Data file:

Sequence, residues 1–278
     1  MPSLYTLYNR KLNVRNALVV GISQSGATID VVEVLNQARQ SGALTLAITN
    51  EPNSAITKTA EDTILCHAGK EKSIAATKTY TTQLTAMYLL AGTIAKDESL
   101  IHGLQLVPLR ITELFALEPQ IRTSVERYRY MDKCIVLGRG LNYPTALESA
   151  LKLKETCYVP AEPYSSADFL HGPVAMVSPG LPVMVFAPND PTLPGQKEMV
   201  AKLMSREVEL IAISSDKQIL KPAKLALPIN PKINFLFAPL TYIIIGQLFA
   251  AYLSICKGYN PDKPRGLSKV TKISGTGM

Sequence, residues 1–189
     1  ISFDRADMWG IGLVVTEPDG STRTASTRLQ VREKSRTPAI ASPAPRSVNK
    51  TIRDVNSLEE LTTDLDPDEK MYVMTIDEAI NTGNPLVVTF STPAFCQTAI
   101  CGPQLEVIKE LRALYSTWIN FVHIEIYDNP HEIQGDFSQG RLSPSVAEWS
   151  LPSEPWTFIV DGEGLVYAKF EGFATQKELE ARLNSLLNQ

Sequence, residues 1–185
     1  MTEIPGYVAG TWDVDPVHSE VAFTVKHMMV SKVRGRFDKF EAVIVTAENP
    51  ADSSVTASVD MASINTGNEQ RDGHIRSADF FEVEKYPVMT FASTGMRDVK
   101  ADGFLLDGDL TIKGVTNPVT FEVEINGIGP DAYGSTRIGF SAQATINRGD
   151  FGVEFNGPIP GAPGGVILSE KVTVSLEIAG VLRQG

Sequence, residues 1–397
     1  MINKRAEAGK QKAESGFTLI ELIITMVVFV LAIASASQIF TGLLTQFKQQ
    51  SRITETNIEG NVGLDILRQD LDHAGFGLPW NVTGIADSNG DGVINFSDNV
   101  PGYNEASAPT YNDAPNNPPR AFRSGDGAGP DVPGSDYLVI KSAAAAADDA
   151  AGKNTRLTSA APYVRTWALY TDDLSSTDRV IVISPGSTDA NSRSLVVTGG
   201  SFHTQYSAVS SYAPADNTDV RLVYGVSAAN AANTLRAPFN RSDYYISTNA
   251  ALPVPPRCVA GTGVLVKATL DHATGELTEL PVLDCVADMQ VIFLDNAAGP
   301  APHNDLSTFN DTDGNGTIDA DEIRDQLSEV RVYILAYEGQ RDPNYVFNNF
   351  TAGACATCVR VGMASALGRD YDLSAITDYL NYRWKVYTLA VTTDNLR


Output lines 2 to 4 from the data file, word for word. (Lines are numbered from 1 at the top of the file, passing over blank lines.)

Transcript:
     1  MPSLYTLYNR KLNVRNALVV GISQSGATID VVEVLNQARQ SGALTLAITN
    51  EPNSAITKTA EDTILCHAGK EKSIAATKTY TTQLTAMYLL AGTIAKDESL
   101  IHGLQLVPLR ITELFALEPQ IRTSVERYRY MDKCIVLGRG LNYPTALESA